Netsuke were historically used to carry a pocketbook, tobacco pouch, pipe case, or anything else that could be hanging from the obi in addition to the inro. Someone cut the stick to make it more appealing, as they are creative and artistic. The single compartment basket was quickly divided into numerous smaller parts to facilitate access to the contents. The stick was thereafter referred to as a netsuke, and the basket as an inro. Each of these artifacts has evolved into a unique art form.

Netsuke used to carry a pocketbook, tobacco pouch, pipe case

It is worth noting that netsuke have grown in popularity to the point where modern netsuke carvers are kept busy creating their own masterpieces, despite the fact that the majority of Japanese people wear Western-style clothing with pockets. Connoisseurs collect modern netsuke as artworks; they are rarely used for practical purposes anymore.

As the inro and netsuke evolved, they began to be made from increasingly exquisite materials. Inro are typically created by coating a nest of wooden boxes with hundreds and dozens of coats of lacquer. The artistry is so impressive that when all of the boxes are assembled, the scene on the outside appears to be uninterrupted. However, it may actually cover 5 to 7 seams within the box’s 4-inch length. To connect each of these parts, a cord-holding groove was cut into the exterior borders of the boxes. This duct was ultimately enclosed so that the cord could pass through without disrupting the exterior’s lovely architecture.

When the cord emerges from the top edge of the inro, the two strands must be brought together to keep the box portions in place. The cables are threaded through a tiny bead that may be adjusted up and down to tighten or loosen the row of boxes. This bead is known as an ojime.
The ropes are then brought up to the netsuke. When the netsuke became more than just a natural thing, a technique of joining the cords was required.


Most netsuke contain a pair of holes joined by a tunnel, usually located at the back of the carving, through which the cord can be carried. Usually, one hole is larger than the other to conceal the knot within the netsuke. This pair of connected holes is known as the himotoshi. Some ingenious carvers came up with natural places to attach the rope, such as between the nuts of the ginkgo cluster seen in Plate.

The stick, now changed into a netsuke; the bead, or ojime; and the nest of boxes, or inro, form a set. Lacquer inro production requires quite different procedures and talents than netsuke carving. So, even if the subject matter is similar, the pieces are typically created by different artists. And this may be an intriguing pastime for the buyer: coordinating netsuke, ojime, and inro from other artists to create a set of their own.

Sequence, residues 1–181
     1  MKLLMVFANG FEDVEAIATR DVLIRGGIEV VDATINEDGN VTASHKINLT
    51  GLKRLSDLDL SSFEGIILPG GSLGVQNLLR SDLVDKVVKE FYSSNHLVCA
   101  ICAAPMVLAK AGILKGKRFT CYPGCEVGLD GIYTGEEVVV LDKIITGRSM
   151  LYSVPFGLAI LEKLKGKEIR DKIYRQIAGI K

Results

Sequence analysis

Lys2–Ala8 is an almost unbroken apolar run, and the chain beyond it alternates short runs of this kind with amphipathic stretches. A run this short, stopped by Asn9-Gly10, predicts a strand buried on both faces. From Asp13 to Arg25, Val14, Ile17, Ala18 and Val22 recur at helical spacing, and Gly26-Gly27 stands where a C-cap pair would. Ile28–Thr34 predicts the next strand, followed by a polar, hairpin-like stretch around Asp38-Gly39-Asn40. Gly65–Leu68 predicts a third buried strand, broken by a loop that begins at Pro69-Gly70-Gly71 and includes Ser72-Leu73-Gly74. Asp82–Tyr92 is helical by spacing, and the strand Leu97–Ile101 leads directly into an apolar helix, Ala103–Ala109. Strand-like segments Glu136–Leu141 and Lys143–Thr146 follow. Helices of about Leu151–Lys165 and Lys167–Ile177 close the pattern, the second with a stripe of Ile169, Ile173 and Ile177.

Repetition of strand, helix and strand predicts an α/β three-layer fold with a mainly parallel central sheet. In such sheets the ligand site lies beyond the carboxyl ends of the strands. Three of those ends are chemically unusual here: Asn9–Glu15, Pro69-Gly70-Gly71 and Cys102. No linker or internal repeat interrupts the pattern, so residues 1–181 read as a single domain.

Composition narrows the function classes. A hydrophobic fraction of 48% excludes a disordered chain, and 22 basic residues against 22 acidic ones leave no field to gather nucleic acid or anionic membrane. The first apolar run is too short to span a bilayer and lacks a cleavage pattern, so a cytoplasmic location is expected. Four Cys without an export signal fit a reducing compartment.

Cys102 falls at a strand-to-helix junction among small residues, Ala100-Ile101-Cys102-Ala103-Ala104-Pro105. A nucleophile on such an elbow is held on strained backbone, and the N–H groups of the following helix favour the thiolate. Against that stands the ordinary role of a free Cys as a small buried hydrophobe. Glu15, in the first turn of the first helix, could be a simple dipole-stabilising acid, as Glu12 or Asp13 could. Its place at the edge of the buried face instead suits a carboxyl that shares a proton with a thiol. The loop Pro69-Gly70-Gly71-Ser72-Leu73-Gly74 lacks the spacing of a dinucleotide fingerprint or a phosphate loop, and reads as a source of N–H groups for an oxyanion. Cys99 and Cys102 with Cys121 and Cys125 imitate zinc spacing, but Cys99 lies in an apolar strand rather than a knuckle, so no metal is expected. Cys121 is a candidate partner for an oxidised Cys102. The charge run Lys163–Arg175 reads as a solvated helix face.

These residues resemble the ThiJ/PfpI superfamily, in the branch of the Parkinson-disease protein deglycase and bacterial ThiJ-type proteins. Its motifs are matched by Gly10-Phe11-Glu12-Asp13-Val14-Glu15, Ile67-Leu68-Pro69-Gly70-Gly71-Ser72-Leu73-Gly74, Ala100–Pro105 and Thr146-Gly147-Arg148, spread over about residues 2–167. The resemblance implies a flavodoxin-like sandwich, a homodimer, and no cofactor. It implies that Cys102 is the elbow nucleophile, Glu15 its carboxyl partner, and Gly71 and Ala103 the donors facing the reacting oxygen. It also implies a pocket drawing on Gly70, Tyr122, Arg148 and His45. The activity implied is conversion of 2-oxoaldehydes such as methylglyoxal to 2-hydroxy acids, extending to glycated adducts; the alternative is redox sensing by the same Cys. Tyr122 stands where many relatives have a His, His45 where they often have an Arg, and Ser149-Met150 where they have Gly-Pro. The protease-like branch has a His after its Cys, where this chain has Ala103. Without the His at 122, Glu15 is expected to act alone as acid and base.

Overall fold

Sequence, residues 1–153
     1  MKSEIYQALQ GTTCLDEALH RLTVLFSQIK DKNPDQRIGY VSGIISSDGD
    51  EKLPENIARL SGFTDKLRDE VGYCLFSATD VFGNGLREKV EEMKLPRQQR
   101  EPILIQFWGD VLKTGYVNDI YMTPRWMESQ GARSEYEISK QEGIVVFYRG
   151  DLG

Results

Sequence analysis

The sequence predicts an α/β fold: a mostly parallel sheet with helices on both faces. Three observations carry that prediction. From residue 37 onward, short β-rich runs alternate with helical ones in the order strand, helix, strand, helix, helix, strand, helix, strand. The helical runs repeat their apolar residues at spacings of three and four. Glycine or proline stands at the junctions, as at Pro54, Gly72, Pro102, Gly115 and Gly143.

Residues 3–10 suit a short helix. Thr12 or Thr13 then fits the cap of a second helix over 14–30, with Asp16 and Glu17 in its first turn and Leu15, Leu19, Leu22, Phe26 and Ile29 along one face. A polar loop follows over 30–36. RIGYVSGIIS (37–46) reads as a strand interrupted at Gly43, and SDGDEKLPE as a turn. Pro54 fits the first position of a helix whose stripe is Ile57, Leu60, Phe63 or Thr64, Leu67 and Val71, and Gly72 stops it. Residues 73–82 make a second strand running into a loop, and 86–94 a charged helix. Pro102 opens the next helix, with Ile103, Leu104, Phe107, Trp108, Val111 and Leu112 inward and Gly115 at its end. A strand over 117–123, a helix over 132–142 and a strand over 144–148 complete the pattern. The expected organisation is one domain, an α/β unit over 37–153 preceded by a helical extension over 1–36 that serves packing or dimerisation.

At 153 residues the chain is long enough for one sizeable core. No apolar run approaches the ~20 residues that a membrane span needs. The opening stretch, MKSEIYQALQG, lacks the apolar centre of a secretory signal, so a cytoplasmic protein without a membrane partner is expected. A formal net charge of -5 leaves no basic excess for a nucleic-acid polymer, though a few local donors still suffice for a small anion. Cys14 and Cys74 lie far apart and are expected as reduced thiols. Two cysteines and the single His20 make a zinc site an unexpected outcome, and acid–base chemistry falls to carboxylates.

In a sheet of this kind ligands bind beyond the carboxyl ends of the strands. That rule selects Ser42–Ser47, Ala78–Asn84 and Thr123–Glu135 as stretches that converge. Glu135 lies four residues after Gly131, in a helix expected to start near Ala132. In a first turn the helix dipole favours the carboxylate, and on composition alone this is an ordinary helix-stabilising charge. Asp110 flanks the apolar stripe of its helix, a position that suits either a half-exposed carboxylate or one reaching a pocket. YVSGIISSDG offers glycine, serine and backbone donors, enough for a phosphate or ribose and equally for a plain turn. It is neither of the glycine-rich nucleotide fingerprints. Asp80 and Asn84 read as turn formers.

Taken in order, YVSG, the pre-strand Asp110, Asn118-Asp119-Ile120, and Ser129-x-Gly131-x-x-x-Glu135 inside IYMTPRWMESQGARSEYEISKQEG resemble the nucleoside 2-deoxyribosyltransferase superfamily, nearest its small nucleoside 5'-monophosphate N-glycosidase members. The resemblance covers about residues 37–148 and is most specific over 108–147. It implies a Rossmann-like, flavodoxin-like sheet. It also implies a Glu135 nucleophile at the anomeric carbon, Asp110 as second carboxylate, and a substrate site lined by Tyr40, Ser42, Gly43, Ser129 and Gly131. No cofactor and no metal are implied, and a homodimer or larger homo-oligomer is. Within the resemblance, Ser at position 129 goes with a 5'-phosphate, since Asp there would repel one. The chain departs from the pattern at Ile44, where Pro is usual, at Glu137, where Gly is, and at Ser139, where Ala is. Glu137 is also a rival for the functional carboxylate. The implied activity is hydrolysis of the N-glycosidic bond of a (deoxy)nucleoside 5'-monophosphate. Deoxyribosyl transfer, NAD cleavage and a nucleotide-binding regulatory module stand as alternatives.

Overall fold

Of course, some artists were able to create the full set, and such rare collections have always been highly valued. When putting together a set, one person may decide that all of the elements should depict the same subject, such as turtles, which represent long life. One turtle may be depicted floating on a log, completely lacquered on the inro. The ojime could be a single carved turtle, whereas the netsuke could be a complete pile of turtles with the string flowing between two of them. Another person may choose to pair the same turtle inro with an ojime of a pine cone and a netsuke of a crane. Why?

Because turtles, pines, and cranes are all traditional Japanese symbols of longevity. The significance of symbols is extremely important to the Japanese. Their written language was created using symbols symbolizing items. Symbols are fundamental to Japanese culture, and each symbol refers to some characteristic of the object with which it is associated. Cranes, for example, symbolize loyalty because they pair for life. An object embellished with cranes is said to be a wonderful wedding gift. Westerners would enjoy the gorgeous design, but the Japanese would also recognize the seriousness of the symbolism represented.

The symbols are fascinating to study. They’re fun. Not all are pleasant, but the majority are based on a compelling story, true or imagined, concerning the topic. And it is knowledge of these stories that we in the West frequently lack when we encounter lovely Japanese goods.

Netsuke are one of the most abundant sources of Japanese storytelling. Almost every carving has a story behind it. Sometimes the netsuke is inspired by a folklore or folktale. It can sometimes be due to the subject’s own traits. It could be about the material used or about the artist.